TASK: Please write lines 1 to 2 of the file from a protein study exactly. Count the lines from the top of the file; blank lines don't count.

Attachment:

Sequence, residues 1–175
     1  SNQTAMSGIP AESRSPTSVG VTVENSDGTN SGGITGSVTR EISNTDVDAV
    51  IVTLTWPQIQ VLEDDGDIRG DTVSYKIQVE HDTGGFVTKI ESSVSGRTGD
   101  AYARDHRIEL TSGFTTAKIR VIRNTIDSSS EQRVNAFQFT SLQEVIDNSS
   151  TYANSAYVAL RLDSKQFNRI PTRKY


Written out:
Sequence, residues 1–175
     1  SNQTAMSGIP AESRSPTSVG VTVENSDGTN SGGITGSVTR EISNTDVDAV